Peter Carey’s Jack Maggs (1997)
A convict, a writer-trickster, a quarantine
In Peter Carey’s Jack Maggs, set in London in 1837, there’s a terrific sequence in which the house at Number 29 Great Queen Street, where the title character works as a footman, is declared by a doctor to be in a state of quarantine thanks to a contagion.
This is a sham: the doctor is not a doctor, and there is no contagion.
There is, however, a returned transport in the house. Number 29’s other servants have discovered that the footman Jack Maggs is no servant but a ‘bolter’ – an ex-convict from New South Wales.
Granted a conditional pardon in the Colony, Jack has made a fortune making bricks from Sydney clay, and has returned to England to reunite with the resident of the house next door to Number 29, a Mr Henry Phipps. On the day Jack was transported from his beloved England, Phipps, then a little orphan, gave the manacled and starving criminal some food. For this exquisite kindness, emblematic of the best of England, Jack has supported Phipps from Australia, educating him and filling his house at Number 27 with expensive rugs and paintings. The prospect of meeting Jack again, however, has sent Phipps into hiding: made a gentleman by a convict, he never expected his Australian benefactor to return. Jack is determined to find the man he considers his son, and so has become embroiled with the household at Number 29. But the longer Jack stays in England, the more he risks being hanged: a convict is transported for the term of his natural life.
It’s thanks to the sham doctor that Jack’s secret is known. He is a famous young novelist, Tobias Oates, a man fascinated by mesmerism (all the rage in late-Georgian England) – and the traumatised Jack has confessed to his past under the influence of Tobias’s ruthless mesmeric techniques. The convict needs the novelist’s help to find Phipps; the novelist, afflicted with a severe case of Second Novel Syndrome, needs a good story. So, to contain Jack’s secret within Number 29, Tobias, a theatrical fellow, disguises himself and illegally quarantines the house. He thus has more time to extract from Jack juicy plot and character details about the brutalities of transportation for his Second Novel; while Jack is safe as the household’s imprisoned servants are prevented from alerting the authorities of his true identity.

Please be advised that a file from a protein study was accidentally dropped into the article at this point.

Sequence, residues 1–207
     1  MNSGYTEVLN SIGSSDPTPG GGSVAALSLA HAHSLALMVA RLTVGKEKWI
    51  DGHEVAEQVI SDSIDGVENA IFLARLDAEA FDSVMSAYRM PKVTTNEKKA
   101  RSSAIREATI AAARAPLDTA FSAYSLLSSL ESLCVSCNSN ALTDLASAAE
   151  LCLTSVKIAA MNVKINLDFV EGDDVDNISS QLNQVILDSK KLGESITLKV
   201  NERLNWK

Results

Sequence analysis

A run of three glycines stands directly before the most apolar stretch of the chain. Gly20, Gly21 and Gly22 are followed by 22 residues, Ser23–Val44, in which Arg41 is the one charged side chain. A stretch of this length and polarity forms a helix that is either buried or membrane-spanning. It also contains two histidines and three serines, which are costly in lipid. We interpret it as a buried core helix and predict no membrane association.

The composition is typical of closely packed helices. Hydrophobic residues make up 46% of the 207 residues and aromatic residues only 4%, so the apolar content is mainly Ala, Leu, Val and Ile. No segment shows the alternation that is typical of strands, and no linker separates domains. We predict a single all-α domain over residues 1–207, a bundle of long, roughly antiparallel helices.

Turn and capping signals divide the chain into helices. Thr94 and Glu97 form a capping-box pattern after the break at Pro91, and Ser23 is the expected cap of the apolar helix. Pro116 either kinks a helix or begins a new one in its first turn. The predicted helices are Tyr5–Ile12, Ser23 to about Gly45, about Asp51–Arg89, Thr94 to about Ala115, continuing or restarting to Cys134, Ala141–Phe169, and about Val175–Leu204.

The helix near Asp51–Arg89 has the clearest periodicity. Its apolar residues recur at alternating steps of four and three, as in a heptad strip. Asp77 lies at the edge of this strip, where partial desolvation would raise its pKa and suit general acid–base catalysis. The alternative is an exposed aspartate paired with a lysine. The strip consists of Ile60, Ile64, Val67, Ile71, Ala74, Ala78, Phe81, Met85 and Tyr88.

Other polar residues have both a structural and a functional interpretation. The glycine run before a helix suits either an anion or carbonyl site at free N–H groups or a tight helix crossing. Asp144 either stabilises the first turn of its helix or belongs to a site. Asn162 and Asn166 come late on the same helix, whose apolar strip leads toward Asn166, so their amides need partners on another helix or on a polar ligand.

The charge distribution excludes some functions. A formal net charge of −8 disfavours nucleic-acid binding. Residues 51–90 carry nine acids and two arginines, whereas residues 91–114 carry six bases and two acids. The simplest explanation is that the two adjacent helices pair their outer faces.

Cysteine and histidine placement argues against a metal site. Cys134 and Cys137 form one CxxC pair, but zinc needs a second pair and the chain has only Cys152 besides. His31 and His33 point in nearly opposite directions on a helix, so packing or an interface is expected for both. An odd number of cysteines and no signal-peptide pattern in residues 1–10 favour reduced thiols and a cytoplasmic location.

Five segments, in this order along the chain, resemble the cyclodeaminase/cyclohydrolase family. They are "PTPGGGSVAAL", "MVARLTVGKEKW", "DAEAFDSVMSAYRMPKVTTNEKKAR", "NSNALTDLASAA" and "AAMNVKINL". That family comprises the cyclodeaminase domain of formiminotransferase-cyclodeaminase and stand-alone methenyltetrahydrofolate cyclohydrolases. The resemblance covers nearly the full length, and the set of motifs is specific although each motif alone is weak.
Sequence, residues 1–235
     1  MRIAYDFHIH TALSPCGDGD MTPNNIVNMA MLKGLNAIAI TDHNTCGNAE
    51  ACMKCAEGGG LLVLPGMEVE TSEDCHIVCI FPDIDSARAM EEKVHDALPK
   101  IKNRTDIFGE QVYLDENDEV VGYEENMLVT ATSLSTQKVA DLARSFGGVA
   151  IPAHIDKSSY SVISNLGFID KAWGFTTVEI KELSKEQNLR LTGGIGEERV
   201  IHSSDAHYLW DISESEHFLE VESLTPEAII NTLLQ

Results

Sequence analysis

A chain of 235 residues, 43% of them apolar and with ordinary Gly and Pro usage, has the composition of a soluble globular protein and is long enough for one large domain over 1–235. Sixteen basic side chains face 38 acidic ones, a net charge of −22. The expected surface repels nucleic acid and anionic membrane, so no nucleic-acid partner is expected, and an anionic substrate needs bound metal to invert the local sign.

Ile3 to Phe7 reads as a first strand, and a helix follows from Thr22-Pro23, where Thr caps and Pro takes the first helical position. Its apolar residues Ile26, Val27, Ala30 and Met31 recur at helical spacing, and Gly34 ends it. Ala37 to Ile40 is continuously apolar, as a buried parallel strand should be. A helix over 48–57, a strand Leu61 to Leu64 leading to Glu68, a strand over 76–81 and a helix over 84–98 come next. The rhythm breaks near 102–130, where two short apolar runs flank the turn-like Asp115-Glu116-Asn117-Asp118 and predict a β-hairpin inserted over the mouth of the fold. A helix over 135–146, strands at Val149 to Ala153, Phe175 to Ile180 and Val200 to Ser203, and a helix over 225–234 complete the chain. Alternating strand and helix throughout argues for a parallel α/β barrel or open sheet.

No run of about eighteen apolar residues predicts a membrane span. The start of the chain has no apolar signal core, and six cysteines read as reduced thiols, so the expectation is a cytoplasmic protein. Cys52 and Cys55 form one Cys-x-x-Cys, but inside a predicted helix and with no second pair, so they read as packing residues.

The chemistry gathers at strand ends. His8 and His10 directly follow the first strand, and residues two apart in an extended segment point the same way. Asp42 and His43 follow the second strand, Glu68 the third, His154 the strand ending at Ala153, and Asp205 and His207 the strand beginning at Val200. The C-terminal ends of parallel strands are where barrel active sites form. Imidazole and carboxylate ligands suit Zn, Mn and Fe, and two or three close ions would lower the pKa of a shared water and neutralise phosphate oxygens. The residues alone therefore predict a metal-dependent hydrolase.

Jack Maggs had precisely what he had wished: the dike was plugged; the gossips were contained. But as he set out to secure his territory, the convict’s heart fell prey to a new anxiety – a blood-dark feeling in his gut – that he had become the captive of someone whose powers were greater than he had the wit to ever understand.1
If some of this sounds like Great Expectations, that’s because Jack Maggs is Carey’s answer to Charles Dickens’s great novel. In his own words, the Australian Carey was ‘mad at Dickens for giving my imaginary ancestor a bad rap’ – that is Magwitch, Dickens’s convict, the benefactor to the orphan-hero Pip. ‘I had this notion that there was a real Magwitch, and Dickens had known a more complicated and greater truth and had not told it’.2
So Carey told it, taking by the throat the iconic Victorian storyteller, and arguably his most iconic story, and giving them a thoroughly Australian throttling.
Audaciously, Carey does not simply tell Magwitch’s story, but instead uses Great Expectations as the basis for a new story about a convict far more complex than Dickens’s sentimental creation. Even more radically, he takes Pip – whose great expectations Great Expectations is about – and reimagines him as the abominable Phipps, a character deliberately less complex than Dickens’s orphan. The story becomes about the convict’s great expectations, and Pip transmogrifies into the worst of England, the epitome of the horrors of Empire, a decadent fool who, unlike the flawed but loveable hero of Great Expectations, rejects his convict benefactor entirely. Jack’s great expectations are dashed because – Carey’s words again – he realises that ‘his beloved adopted son and his torturer are the same person’. It’s a classic piece of twentieth-century postcolonial ‘writing back’ – on a par with Jean Rhys’s Wide Sargasso Sea (Jane Eyre) and J.M. Coetzee’s Foe (Robinson Crusoe).